“Stop! Stop!” cried Melly, unable to countenance the havoc being wrought on her carefully constructed organizational scheme. “You’re looking in the wrong area. Even Sophia’s old dresses are too big for me.”

“Then you show me where to look.”

Melly carefully hung up all the bags while Alys, on Melly’s advice, looked through a far rack, repository of an older selection of ball gowns made for a some more petite woman than the current crop of Spencer girls. Melly had always selected the most basic dresses for her costumes on the theory that the attention of the ball should be directed toward Sophia and Olivia, and away from herself, as much as possible. Alys had no such qualms. She emerged grinning and victorious, waving a half-zipped bag.

“Okay, I think this should be it. At least, it seemed ideal in the dark back there — let’s see it in the light.”

By the window, Alys displayed a gown of ivory silk woven with subtle stripes.

“I think you’re tiny enough to pull this off. I’m betting on you having pretty shoulders, though.”
Melly fingered the beautiful fabric. The wide neckline stretched to short tight sleeves of lace, and the tiny waist tapered down to a narrow point above the full skirt. Cascading bands of trim and silk dipped in a V across the bodice and swept close along the shoulders. Would Malcolm notice her shoulders? Would he think they were pretty?

“Oh, check it out!” Alys was examining the other side. “The back laces up. I call that sexy.”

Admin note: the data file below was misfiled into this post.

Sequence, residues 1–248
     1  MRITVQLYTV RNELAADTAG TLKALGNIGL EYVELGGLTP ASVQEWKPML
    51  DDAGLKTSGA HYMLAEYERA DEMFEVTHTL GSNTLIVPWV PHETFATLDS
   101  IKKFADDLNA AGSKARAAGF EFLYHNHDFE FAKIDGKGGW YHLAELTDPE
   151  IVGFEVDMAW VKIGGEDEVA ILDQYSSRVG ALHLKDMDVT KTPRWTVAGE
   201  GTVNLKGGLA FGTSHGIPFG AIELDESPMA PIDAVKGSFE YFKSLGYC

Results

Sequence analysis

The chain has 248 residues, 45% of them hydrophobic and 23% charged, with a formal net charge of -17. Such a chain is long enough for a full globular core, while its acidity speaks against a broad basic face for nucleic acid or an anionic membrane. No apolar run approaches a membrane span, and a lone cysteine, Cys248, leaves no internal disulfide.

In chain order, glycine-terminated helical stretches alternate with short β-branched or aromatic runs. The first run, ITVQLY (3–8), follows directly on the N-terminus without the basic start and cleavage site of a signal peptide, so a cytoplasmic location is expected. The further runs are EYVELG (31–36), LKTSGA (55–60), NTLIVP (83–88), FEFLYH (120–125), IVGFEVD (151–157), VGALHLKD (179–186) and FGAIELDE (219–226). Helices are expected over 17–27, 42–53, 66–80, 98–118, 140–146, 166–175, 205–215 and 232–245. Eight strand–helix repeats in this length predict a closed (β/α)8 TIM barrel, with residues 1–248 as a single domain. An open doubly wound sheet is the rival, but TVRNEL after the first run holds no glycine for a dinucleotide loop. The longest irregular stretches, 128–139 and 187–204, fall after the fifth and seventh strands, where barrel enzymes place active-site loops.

“Do you know, I… I think this was someone’s wedding dress,” Melly murmured, blushing at her thoughts of Malcolm and putting him resolutely from her mind.

“Well, the bride is hardly going to ask for it back now, is she?” asked Alys reasonably. “Let’s grab our unmentionables and go try these things on.”

 The Ball was fast approaching when Melly received an unwelcome surprise. 

She and Malcolm had barely been driving together during the summer — the heat added an extra layer of discomfort to the whole awkward process for Melly, so Malcolm took Alys out instead. With her natural adaptability, Alys made the car her own when she drove, and her gleefully conspiratorial grins at Malcolm as she roared down River Road made that gentleman feel more reckless and liberated than his naturally serious nature had allowed before. Anything seemed possible when she was driving. They might tear up the miles to New Orleans and buy a suit of armor or an elephant’s foot in one of the venerable antique emporiums off Bourbon Street. They might head out at twilight across the endless bridge over the Atchafalaya Basin and find themselves in Mexico by sunrise. They might trace the Mississippi north and wind up in godforsaken Minnesota. None of these wild whims had indulged as yet, but with her, it seemed like excitement was just around the corner.